In memory of our beloved Marvin Knopp who died on December 24, 2011

Many people who loved Marvin were not able to attend his funeral because of the suddenness of his death. For those of you who would like to view the service for my father please click on this YouTube link.

Please note that this link consists of four sequential videos totaling 71 minutes in length.

Contributions in his memory may be made to Camphill Soltane, 224 Nantmeal Road, Glenmoore, Pennsylvania 193434, or to Meir Panim.

Friday, January 6, 2012

Carl Mayer

Marvin was all-mensch, all-the-time.

I first met Marvin shortly after I asked his de facto step-daughter Karen on a date. Karen had accepted my invitation to attend a B.B. King concert the week after I met her at a New York City party. On the night of the concert, I arrived at the Blues Club; Karen never appeared. Instead, Karen went to spend the weekend visiting with Marvin and her mother Phyllis in Philadelphia. Few men were any competition for Marvin. (As Karen later explained, it’s important to stand-up a man at least once to let them know who is boss.) I wound up trying to sell my extra ticket to the concert at the door of the Blues Club. I let it be known that I would part with the $35 dollar ticket for $20. A homeless man, smelling faintly of Night Train Express, offered me two bucks and that’s how my first date with my future wife involved attending a concert with a homeless person while Karen visited with Marvin.

With my courtship off to a good start, I knew the biggest challenge would be getting Marvin’s approval. Marvin was too kind to openly express his disapproval, but I knew I had a high bar to hurdle because a lawyer is a real step down from a Mathematician and Marvin had a long-standing policy of setting up Karen with his students. Pretty soon the Marvin-Tilly Life Exam/Boot Camp was administered. None of Karen’s prior boyfriends had passed this test, let alone survived it. It involved a visit to the home of Tilly: Karen’s then 90-year old grandmother, with Marvin presiding.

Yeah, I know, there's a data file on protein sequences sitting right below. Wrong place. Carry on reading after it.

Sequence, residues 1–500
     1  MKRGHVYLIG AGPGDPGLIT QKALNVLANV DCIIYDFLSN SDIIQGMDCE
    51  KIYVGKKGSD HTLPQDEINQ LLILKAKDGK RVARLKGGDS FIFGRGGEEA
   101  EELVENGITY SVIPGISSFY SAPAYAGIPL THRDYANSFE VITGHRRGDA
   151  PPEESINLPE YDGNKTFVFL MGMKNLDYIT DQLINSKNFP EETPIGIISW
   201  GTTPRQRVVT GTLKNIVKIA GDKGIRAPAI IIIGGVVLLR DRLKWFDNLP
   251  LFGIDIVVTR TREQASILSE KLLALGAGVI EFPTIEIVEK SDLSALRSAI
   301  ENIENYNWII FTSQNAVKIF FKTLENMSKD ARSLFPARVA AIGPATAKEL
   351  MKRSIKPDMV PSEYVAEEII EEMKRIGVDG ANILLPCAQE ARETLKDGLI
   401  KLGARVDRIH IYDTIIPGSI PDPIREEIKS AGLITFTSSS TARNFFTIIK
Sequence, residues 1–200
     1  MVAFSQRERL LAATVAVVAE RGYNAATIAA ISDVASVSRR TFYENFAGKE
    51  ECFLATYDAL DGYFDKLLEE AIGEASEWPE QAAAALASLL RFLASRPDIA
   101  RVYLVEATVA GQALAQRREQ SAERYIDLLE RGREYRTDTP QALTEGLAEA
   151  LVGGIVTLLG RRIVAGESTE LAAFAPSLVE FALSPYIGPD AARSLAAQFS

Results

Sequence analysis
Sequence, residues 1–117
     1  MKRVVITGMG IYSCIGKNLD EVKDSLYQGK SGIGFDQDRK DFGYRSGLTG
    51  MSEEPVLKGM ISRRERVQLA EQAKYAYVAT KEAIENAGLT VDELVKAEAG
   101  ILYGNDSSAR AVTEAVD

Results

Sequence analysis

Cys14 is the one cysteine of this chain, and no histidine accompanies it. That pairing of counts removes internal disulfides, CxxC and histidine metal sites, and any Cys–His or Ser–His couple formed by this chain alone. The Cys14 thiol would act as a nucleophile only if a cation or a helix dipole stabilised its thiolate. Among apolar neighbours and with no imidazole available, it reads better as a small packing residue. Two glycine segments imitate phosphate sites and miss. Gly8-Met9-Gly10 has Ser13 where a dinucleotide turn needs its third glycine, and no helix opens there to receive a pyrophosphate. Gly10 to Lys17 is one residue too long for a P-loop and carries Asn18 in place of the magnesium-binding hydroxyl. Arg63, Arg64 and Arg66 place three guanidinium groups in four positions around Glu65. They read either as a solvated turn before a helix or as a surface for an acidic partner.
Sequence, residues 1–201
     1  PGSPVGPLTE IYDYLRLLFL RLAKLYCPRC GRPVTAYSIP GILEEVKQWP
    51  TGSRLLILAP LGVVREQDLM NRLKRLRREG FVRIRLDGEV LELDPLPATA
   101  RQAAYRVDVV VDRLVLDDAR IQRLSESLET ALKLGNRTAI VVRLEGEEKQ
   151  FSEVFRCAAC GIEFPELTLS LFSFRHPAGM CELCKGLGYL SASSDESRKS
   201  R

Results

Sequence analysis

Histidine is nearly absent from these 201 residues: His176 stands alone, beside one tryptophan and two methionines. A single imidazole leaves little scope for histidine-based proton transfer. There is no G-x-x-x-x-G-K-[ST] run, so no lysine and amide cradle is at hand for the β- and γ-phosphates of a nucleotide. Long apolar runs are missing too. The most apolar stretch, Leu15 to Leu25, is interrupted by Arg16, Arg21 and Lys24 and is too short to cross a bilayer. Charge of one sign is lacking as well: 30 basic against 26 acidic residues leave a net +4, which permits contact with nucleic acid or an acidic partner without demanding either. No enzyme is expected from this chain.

Marvin’s first pitch was high and inside. “I assume you have heard of my very good friend legal historian Lawrence Friedman?” was his first question to me. “Oh yes, I read Professor Friedman’s History of American Law with great interest and in fact found it to be on a par with Professor Morton Horwitz’s Transformation of American Law 1870-1960 as one of the most important books in American legal history of the last half-century” I answered. I hit that one out of the park.

“What’s your favorite movie?” asked Marvin suspiciously. “Casablanca’ I said without hesitation, partly because my family traveled through there when they fled the Nazis in 1940.” (Second pitch over the fence.) “I think Tilly needs some help with the crossword puzzle”, said Marvin probing for weakness. “Great, I love a challenge.” (Only later would I learn that Tilly finishes the New York Times crossword by noon everyday and still does so at age 97.) I wasn’t as good as Marvin at this endeavor but with a few clutch assists like “Nawab” and “Quisling” I hit some solid singles. Marvin remained wary: “I bet you’ve never been to Wrigley field.” “Well actually, Professor Knopp, I attended games at Wrigley, but the key is you have to get the obstructed seats or bleachers; those are the real bargains.” Marvin loved a deal almost as much as he loved the Cubs. Grand-Slam walk-off home run.

Now that I had Marvin’s approval, I was in the clear and only had to get Karen to agree to actually show up on a date with me. Tilly grudgingly gave her approval, based on Marvin’s reluctant say-so, but to this day she thinks all lawyers are useful primarily as fish-bait. That first afternoon and evening with Marvin, we discussed, in no particular order, the history of American Jazz, theories of physics, the Chicago Cubs, the best diners in New Jersey and Pennsylvania, the Black Sox scandal, the history of the Fox-Trot, and the origins of the Yiddish language. Marvin was a consummate teacher, both in and out of the classroom.

To borrow a phrase from his chosen profession, Marvin was an extraordinarily congruent person. There was no artifice or malice to him. He sought truth and beauty in his mathematical research and he strived to bring those same qualities to his family and collegial relationships. Marvin was uncommonly devoted not only to Phyllis but to his three children – who he raised to become unique and compassionate individuals – and to Karen and her brothers. Those that give more to the world than take from the world are a distinct minority, and Marvin was among them.

Marvin had the M’s all sewed up. Mensch. Maven on Life. Mathematician. It is fitting that M is the 13th letter in the alphabet. The number 13 has particular significance in Judaism; there are said to be 13 attributes of G-d and the philosopher Maimonides formulated his 13 principles of faith. Anyone who met Marvin could pretty rapidly discern at least 13 qualities Marvin possessed that made him a righteous man. The Talmud says that the greater the loss, the heavier the heart. Many are of heavy heart since his passing.

Farewell Marvin.